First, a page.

Arthur Goldhammer

Arthur Goldhammer is a writer, translator, and Affiliate of the Center for European Studies at Harvard. He blogs at French Politics. Follow him on Twitter: @artgoldhammer.

Recent Articles

The French Right Goes Wrong

France’s Republican Party has chosen a new leader, Laurent Wauquiez, who did not hesitate to divide the party in order to conquer it. Now, having expelled his erstwhile comrades of the center-right, he has no alternative but to try to poach voters from the extremist Front National.

Sipa via AP Images Newly elected president of France's Parti Républicain, Laurent Wauquiez O n December 10, the card-carrying members of France’s Parti Républicain elected Laurent Wauquiez as their new leader. But the party he hopes to shape into a vehicle for recapturing the French presidency is but a pale shadow of the political machine built by Jacques Chirac and transformed by Nicolas Sarkozy. How did the party that dominated French politics from 1995 to 2012 end up where it is today? One reason for the Republicans’ dilemma is that the incumbent president, Emmanuel Macron, has occupied political territory that the right once claimed as its own. As prime minister he chose a Republican, Édouard Philippe, and two other Republicans, Bruno Lemaire and Gérald Darmanin, were tapped to occupy the top posts at the finance and budget ministries, the key positions in domestic policymaking. In his presidential run Macron eagerly wooed center-right voters left standing at the altar when their...

Dredging Memory

Ken Burns and Lynn Novick's new documentary is an immemorial tale of men at war, almost Homeric in its directness and simplicity.

AP Photo/Eddie Adams, File
AP Photo/Eddie Adams, File In this April 28, 1965 file photo, U.S. Marine infantry stream into a suspected Viet Cong village near Da Nang in Vietnam during the Vietnamese war. F orty-seven years ago last month I returned from an outpost in the Mekong Delta to graduate school at MIT, from which I had been drafted two years earlier. For the past two weeks I have been dredging up wartime memories, spurred by the epic documentary produced by Ken Burns and Lynn Novick for PBS. Not that my war bore much resemblance to the war so vividly depicted in the film. The filmmakers devote most of their footage to bloody battles and bloody-minded politicians. The contrast between the two constitutes the moral of their work. They want to honor the soldiers on both sides for the authenticity of their courage and sacrifice, which they contrast with the mendacity of those who send them off to die. “The blood is real,” novelist Tim O’Brien says, leaving the viewer to infer that the rest—the political...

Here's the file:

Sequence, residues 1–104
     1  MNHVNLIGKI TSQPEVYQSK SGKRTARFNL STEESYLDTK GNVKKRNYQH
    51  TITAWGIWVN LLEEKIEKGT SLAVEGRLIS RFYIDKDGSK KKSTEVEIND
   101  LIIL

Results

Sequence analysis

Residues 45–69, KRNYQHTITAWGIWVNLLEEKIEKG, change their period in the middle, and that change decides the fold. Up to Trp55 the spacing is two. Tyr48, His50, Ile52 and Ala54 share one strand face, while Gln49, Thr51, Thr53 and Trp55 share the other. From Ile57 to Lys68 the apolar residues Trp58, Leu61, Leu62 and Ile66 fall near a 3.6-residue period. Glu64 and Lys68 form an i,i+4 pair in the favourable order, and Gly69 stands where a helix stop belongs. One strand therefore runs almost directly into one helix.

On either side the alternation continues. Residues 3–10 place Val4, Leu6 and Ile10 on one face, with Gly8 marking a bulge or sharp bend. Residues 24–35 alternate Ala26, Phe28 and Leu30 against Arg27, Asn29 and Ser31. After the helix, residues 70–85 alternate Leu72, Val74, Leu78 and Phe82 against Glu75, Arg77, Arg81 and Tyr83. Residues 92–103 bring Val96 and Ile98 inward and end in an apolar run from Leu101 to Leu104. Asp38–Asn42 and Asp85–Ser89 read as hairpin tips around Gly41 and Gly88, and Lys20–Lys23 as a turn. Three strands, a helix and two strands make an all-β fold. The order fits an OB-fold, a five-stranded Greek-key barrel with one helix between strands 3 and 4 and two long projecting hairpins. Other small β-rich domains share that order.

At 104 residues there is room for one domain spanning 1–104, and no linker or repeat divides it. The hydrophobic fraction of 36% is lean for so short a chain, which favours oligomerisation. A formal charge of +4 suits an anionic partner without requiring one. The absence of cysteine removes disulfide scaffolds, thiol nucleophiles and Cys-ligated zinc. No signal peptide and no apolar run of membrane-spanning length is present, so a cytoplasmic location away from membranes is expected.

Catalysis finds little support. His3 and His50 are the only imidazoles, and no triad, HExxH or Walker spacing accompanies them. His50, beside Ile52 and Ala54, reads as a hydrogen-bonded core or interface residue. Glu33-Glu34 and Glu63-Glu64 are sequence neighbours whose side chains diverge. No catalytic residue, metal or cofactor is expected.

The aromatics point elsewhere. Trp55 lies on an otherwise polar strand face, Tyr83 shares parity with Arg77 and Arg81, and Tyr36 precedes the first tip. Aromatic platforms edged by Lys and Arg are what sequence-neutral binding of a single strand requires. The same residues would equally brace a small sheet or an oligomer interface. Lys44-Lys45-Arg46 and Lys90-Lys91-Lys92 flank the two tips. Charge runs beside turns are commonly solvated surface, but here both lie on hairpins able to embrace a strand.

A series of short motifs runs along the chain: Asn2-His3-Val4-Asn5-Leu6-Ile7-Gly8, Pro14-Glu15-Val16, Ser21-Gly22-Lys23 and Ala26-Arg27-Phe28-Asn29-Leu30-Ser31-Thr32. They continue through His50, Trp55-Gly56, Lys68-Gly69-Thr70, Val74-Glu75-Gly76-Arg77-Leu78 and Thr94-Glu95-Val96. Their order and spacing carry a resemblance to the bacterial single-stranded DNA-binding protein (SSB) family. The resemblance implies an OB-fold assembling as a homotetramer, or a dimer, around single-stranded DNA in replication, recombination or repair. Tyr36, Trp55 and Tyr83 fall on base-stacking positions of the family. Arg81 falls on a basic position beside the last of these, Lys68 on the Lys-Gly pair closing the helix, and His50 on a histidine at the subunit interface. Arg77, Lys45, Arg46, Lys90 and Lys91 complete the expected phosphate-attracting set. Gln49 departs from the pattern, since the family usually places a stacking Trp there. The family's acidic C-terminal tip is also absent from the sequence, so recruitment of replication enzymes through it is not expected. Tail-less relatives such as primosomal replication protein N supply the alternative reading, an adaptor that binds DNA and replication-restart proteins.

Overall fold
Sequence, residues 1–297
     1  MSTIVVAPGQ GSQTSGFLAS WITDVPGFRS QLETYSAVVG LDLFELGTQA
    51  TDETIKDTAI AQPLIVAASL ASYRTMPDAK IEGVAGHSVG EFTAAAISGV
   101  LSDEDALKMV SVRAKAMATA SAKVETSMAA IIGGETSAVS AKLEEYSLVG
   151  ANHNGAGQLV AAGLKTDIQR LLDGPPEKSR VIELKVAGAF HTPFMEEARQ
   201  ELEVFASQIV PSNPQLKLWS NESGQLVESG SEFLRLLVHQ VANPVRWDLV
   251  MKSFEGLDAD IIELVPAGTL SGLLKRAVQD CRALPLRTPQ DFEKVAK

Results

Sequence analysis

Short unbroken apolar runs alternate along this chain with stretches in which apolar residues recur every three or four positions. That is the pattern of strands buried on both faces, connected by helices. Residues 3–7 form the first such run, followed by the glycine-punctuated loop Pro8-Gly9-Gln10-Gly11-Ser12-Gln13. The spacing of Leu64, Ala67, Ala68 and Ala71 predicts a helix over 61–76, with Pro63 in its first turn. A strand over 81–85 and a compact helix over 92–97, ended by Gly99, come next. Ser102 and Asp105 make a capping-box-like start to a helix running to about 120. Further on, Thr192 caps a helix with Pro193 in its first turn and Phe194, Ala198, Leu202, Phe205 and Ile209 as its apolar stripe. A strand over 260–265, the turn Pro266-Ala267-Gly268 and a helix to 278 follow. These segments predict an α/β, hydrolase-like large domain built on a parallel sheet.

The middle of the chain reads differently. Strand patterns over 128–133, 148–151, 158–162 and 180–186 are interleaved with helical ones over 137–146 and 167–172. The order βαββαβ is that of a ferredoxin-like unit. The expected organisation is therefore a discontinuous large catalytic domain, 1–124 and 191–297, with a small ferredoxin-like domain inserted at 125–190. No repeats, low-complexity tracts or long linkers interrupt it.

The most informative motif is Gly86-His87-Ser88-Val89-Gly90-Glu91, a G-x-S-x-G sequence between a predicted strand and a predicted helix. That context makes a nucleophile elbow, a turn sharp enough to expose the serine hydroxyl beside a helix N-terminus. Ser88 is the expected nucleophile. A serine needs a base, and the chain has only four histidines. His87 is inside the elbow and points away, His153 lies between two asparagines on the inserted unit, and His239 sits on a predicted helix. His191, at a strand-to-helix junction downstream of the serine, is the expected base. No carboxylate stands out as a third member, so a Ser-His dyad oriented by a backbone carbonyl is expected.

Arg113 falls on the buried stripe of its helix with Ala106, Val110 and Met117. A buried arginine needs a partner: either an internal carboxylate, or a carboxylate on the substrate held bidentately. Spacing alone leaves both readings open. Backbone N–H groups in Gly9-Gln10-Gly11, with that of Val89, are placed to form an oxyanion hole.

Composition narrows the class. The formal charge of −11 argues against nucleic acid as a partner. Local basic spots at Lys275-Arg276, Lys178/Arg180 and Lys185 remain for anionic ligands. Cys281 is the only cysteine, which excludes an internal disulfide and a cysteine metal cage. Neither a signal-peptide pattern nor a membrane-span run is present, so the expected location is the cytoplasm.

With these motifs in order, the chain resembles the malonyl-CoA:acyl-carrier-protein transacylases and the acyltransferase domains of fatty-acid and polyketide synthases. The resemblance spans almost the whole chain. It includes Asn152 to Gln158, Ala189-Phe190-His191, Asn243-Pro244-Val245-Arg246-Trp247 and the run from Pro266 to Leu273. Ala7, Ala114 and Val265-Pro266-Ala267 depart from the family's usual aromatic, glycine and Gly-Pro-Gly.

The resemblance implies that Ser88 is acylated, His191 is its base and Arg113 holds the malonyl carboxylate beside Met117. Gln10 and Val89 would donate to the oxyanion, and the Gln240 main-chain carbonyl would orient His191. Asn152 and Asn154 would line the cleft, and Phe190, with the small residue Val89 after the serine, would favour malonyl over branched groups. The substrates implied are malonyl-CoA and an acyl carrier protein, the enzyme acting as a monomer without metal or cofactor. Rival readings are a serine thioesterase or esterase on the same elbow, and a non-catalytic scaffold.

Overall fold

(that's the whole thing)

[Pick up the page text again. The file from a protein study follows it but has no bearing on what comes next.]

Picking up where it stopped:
Germany Votes

In this year’s federal election, Angela Merkel won a fourth term, but the German far-right achieved its strongest showing since World War II.  

AP Photo/Michael Sohn
AP Photo/Michael Sohn Supporters hold posters as German Chancellor Angela Merkel returns on the stage at the headquarters of the Christian Democratic Union CDU in Berlin. T his Sunday, September 24, Germans went to the polls to elect a new Bundestag. The preliminary results confirm predictions that Chancellor Angela Merkel’s Christian Democratic Union (CDU; and its Bavarian partner Christian Social Union) would come in first, with about one-third of the vote, but this is down about 8 percentage points compared with four years ago. The center-left Social Democratic Party (SPD), led by Martin Schulz, turned in its worst performance since World War II , with just over 20 percent of the vote. The SPD thus becomes the latest victim in the collapse of center-left establishment parties nearly everywhere. In the May presidential election in France, the French Socialists also turned in their worst performance since their founding and have been forced to put their party headquarters up for sale...

Party Realignment in France

The election of Emmanuel Macron as the next president of France could presage a dramatic party realignment.

AP Photo/Christophe Ena
AP Photo/Christophe Ena French President-elect Emmanuel Macron waves to the crowd during a campaign rally in Chatellerault. L ast Sunday, Emmanuel Macron became the eighth president of France’s Fifth Republic. It was a stunning victory, with Macron grabbing two-thirds of the vote against his far-right opponent Marine Le Pen. Yet skeptics have claimed that Macron’s triumph was not really a victory at all but rather an expression of fear of the extremist alternative. Macron therefore has no mandate, claim the nay-sayers, and his presidency will soon succumb to the various forms of conservatism and resistance that doomed his two predecessors, François Hollande and Nicolas Sarkozy. This analysis ignores the extent to which Macron’s victory has destabilized the French party system. He won the presidency without the support of an established political party. That has never been done before. Neither of the major parties, the Socialist Party of incumbent President Hollande nor the Republican...

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